Conny Waters - AncientPages.com - Found at McGraths Flat, NSW, a fossil site known for its iron-rich rock called "goethite," the new genus of spider is the first ever spider fossil of the Barychelidae family to be found.
The discovery was made by a team of Australian scientists led by Australian Museum (AM) and University of New South Wales (UNSW) paleontologist Dr. Matthew McCurry have formally named and described a fossil spider, Megamonodontium mccluskyi, which is between 11–16 million years old.
Credit: Australian Museum
Similar to the living genus, Monodontium (a brushed trapdoor spider) but five times larger, the spider was named after Dr. Simon McClusky who found the specimen. A geospatial scientist based in Canberra, McClusky volunteers his time helping on palaeontological excavations.
" Megamonodontium differs from its putative sister genus, Monodontium, in having the carapace shape asymmetrical around the midpoint, with the widest point in the posterior third; Monodontium has the carapace asymmetrical around the midpoint ; it is also about five times the size of known Monodontium (10 vs. 2 mm)," the research team writes in the study.
Dr. McCurry said that there have been very few fossil spiders found in Australia which makes the discovery very significant.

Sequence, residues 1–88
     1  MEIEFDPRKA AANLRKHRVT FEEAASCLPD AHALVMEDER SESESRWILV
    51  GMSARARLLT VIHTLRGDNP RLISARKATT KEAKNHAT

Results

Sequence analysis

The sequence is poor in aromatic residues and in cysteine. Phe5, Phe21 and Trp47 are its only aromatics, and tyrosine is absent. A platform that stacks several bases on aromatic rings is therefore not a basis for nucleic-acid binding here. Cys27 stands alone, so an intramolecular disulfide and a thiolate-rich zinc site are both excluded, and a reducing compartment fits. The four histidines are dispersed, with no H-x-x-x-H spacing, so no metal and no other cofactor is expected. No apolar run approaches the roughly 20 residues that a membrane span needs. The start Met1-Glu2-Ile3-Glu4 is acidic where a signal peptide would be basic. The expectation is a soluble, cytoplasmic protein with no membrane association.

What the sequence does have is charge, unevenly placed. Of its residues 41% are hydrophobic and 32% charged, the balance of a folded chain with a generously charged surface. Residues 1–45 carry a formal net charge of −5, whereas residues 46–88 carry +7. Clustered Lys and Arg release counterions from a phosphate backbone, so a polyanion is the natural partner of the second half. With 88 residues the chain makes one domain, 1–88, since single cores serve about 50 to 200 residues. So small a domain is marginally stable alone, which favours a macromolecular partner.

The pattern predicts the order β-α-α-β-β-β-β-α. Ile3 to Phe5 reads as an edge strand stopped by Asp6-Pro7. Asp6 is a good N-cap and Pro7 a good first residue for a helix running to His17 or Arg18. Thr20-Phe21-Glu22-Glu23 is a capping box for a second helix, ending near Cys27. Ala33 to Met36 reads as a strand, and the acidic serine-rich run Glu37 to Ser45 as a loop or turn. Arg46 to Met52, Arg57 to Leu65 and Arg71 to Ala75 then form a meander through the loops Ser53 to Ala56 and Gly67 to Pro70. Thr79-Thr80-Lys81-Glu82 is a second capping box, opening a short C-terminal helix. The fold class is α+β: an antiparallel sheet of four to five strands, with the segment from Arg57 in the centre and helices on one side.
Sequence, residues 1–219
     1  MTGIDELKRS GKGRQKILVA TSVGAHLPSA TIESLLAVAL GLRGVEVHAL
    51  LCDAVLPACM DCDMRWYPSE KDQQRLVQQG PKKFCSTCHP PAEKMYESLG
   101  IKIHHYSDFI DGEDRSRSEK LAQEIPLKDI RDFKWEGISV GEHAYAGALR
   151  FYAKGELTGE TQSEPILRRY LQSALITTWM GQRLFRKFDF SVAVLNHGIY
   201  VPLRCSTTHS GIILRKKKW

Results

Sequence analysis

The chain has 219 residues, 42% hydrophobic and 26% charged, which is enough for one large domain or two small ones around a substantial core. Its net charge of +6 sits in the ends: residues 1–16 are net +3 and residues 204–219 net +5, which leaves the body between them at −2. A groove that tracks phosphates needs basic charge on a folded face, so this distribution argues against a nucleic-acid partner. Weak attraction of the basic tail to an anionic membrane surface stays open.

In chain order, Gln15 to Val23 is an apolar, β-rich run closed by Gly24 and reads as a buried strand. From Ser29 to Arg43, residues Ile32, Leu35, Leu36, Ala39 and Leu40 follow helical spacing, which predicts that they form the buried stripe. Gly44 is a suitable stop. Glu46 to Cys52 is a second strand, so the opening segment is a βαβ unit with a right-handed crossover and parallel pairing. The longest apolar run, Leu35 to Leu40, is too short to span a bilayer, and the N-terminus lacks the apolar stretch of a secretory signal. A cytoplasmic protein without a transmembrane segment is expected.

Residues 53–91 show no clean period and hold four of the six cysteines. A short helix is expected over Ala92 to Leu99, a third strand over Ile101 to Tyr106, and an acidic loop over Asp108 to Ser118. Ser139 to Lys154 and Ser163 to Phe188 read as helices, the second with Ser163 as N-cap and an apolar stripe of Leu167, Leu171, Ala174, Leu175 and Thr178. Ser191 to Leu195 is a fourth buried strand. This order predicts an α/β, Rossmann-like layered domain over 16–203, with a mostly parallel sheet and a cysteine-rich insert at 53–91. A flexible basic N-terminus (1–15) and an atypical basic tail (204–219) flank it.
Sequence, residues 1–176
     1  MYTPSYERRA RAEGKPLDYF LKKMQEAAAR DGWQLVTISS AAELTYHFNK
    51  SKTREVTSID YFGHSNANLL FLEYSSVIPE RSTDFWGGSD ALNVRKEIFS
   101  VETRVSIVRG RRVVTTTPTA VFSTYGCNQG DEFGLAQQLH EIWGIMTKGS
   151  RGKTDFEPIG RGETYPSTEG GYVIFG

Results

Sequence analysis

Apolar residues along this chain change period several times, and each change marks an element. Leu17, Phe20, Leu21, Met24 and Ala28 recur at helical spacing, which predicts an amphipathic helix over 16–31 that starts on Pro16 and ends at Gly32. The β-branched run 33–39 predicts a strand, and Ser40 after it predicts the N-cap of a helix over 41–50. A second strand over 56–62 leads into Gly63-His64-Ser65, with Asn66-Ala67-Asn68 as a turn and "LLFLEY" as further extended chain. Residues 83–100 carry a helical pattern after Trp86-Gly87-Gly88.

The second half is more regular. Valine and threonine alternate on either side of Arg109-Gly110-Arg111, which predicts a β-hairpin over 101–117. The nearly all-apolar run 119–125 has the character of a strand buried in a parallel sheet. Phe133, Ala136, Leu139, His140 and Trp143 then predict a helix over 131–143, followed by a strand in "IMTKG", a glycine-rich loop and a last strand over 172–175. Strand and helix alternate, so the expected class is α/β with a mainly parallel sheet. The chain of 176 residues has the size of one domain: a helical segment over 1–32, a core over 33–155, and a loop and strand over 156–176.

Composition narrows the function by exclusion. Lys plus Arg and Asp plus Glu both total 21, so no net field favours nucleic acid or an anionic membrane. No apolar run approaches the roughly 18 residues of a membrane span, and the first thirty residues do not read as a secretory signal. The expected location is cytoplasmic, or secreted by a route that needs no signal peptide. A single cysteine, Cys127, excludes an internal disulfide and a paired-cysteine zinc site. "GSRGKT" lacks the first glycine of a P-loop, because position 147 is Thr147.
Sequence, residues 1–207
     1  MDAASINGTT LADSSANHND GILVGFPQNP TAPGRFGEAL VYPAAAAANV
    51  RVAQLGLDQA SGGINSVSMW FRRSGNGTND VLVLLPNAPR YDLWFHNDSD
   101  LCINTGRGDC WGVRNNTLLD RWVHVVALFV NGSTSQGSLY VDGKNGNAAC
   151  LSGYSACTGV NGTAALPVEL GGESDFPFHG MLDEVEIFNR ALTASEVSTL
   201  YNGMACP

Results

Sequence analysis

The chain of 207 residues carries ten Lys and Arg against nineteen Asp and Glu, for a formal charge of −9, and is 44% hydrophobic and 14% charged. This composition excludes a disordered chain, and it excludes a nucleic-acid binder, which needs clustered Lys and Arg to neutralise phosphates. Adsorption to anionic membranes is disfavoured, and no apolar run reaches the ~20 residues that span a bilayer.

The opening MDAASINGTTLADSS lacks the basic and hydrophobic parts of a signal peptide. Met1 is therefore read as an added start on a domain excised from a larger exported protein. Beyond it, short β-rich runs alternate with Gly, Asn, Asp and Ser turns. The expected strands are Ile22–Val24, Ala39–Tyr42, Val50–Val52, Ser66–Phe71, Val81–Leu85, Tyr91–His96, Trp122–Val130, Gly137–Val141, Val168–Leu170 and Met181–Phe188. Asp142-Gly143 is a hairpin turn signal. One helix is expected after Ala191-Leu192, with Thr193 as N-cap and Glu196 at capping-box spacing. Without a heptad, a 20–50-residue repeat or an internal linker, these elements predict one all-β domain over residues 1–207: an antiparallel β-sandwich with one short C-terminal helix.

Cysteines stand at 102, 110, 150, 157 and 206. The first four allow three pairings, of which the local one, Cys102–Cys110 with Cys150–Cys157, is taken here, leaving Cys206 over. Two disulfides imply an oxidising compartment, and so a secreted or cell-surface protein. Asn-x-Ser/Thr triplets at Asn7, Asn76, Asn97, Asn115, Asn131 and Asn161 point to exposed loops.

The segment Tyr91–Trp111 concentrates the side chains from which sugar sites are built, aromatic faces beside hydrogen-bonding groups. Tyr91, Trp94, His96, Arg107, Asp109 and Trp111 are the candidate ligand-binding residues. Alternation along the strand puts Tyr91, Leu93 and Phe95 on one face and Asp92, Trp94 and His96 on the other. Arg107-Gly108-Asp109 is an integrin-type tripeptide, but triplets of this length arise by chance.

"Only four spider fossils have ever been found throughout the whole continent, which has made it difficult for scientists to understand their evolutionary history. That is why this discovery is so significant, it reveals new information about the extinction of spiders and fills a gap in our understanding of the past."
"The closest living relative of this fossil now lives in wet forests in Singapore through to Papua New Guinea. This suggests that the group once occupied similar environments in mainland Australia but have subsequently gone extinct as Australia became more arid."
Queensland Museum arachnologist, Dr. Robert Raven, who was the supervising author of the study said this was the largest fossil spider to be found in Australia.
"Not only is it the largest fossilized spider to be found in Australia but it is the first fossil of the family Barychelidae that has been found worldwide."
"There are around 300 species of brush-footed trapdoor spiders alive today, but they don't seem to become fossils very often. This could be because they spend so much time inside burrows and so aren't in the right environment to be fossilized."
University of Canberra Associate Professor, Michael Frese, who used stacking microphotography to scan the fossils said that the fossils from McGraths Flat show an amazing level of detailed preservation.
Credit: Australian Museum
"Scanning electron microscopy allowed us to study minute details of the claws and setae on the spider's pedipalps, legs and the main body. Setae are hair-like structures that can have a range of functions. They can sense chemicals and vibrations, defend the spider against attackers and even make sounds."
The fossil is now housed in the AM's paleontology collection and is available online for researchers to study.
The study was published in the Zoological Journal of the Linnean Society
Written by Conny Waters – AncientPages.com Staff Writer